Exactly how exercise might be altering brains is impossible to say from this study. But Raji and his colleagues believe exercise reduces inflammation in the brain and also encourages the release of various neurochemicals that promote the creation of new brain cells and blood vessels.

In effect, exercise seems to help build and bank a “structural brain reserve,” he said, a buffer of extra cells and matter that could protect us somewhat from the otherwise inevitable decline in brain size and function that occurs as we age. Our brains may still shrink and sputter over the years. But, if we exercise, this slow fall starts from a higher baseline.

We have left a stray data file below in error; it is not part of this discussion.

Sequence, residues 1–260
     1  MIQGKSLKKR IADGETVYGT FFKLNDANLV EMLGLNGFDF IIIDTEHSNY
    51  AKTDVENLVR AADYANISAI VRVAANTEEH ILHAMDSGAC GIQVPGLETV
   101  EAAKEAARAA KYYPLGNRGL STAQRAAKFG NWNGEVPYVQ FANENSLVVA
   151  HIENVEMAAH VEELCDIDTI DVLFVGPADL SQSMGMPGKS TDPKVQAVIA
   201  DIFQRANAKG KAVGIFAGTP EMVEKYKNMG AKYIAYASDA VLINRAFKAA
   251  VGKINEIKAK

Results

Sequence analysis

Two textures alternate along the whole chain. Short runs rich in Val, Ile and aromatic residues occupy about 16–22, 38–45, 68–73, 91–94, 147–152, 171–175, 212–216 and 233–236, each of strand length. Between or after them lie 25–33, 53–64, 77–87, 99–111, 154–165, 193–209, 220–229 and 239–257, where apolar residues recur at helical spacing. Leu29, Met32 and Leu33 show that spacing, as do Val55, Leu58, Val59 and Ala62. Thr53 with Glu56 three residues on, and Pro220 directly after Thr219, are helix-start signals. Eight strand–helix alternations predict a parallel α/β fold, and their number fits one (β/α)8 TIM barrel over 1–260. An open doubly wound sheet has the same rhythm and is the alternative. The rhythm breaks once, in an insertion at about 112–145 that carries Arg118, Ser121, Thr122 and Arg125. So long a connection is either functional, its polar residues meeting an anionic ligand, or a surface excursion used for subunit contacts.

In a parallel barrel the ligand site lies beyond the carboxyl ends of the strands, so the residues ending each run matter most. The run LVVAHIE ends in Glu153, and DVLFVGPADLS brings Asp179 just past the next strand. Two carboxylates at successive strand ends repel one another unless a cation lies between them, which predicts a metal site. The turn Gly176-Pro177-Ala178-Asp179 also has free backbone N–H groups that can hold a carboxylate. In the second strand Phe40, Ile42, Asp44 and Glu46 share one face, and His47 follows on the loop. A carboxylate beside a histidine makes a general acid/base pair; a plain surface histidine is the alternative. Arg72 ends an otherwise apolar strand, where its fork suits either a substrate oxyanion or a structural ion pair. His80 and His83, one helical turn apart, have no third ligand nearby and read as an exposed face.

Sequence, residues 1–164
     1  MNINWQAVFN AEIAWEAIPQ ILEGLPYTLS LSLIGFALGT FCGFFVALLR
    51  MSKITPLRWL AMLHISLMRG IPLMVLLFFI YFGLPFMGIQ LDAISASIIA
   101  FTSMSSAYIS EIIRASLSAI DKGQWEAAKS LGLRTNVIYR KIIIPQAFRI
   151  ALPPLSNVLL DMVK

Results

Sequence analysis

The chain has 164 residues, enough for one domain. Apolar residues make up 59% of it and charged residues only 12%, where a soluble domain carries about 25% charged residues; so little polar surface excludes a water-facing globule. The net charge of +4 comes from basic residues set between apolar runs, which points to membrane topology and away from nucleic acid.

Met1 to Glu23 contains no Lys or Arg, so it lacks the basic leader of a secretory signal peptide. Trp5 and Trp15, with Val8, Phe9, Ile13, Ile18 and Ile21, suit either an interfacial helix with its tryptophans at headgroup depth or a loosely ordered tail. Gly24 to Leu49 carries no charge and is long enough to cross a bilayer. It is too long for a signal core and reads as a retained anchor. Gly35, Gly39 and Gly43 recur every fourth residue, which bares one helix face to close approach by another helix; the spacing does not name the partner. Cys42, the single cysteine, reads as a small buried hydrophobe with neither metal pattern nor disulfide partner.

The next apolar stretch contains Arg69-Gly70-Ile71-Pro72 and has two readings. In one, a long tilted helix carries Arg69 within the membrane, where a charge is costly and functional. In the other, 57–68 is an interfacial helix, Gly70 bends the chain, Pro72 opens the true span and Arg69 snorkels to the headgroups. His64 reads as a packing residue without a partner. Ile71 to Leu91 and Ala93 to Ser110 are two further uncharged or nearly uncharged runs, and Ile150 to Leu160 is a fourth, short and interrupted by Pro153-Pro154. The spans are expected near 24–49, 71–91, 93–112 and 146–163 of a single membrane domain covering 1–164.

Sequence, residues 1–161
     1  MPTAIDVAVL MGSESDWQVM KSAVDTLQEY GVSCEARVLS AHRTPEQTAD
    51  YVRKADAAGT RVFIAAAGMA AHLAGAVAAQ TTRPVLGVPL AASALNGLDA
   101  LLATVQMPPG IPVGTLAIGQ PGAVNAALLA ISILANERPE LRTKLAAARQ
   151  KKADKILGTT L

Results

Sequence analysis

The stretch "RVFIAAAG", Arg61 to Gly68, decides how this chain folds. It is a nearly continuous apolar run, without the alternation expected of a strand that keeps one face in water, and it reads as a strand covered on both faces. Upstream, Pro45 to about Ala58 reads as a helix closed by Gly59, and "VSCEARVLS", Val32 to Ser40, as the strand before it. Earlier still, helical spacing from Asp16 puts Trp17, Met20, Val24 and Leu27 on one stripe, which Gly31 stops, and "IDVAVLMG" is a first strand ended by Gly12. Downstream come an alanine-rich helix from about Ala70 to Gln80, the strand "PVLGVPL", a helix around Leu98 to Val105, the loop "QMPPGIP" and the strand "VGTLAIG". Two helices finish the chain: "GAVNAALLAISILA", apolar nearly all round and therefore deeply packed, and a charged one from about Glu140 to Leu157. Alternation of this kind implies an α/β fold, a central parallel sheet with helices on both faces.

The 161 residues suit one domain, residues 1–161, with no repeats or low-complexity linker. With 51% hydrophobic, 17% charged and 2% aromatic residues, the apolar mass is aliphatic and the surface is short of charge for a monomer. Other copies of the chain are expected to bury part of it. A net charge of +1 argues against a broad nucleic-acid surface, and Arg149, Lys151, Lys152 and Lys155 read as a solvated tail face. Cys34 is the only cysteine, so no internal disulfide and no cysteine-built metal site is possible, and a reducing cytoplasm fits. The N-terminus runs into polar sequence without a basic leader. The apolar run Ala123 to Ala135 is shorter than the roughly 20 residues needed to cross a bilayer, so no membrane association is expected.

Perhaps best of all, the most effective exercise in the study was also relatively gentle. People who said they exercised moderately, meaning they could still chat as they worked out, wound up with somewhat greater brain volume than those who exercised more vigorously, such as by swift running.

But the numbers of vigorous exercisers were quite small, making comparisons suspect, Raji said, and their brain volume was still larger than among those who rarely, if ever, exercised at all.

Overall, any exercise of any type and in even small amounts is likely to be “a very good idea” for brain health, he said.

Raichlen agrees. “Studies like this continue to provide strong evidence that moving your body even a small amount may have an impact on brain health, and that it is never too early, or too late, to start.”